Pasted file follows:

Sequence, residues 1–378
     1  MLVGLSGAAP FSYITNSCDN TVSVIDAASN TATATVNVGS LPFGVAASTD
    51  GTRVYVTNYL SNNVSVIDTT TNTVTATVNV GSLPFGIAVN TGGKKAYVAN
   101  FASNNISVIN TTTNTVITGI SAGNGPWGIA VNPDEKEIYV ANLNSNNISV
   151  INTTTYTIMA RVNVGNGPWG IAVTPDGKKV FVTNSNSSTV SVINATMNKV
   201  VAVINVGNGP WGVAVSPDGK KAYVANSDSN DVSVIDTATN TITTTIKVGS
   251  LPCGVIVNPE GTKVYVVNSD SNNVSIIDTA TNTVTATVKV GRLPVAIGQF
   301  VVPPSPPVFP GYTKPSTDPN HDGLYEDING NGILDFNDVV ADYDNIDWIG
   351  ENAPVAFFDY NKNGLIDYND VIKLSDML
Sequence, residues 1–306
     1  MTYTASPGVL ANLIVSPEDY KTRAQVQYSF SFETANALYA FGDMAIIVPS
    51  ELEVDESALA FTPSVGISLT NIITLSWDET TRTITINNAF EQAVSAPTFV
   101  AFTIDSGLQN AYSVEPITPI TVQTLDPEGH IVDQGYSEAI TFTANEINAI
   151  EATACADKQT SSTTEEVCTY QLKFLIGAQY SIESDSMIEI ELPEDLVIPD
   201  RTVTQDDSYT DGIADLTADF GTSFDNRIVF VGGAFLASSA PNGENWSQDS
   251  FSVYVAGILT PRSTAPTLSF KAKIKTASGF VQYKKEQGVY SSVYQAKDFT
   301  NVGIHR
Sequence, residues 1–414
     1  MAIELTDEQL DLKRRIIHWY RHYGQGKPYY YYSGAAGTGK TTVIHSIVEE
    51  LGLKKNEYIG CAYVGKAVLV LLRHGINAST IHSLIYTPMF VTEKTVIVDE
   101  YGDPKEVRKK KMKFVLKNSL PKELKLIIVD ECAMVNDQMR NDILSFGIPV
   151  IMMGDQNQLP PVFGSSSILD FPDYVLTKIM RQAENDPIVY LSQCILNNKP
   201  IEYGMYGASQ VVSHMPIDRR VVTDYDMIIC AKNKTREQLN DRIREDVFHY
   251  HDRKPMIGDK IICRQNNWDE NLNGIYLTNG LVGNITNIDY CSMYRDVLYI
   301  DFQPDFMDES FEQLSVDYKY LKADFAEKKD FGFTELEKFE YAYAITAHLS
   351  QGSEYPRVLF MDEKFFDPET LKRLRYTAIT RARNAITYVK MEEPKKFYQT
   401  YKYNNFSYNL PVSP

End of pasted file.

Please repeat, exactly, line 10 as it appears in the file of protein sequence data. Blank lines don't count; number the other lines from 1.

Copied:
Sequence, residues 1–306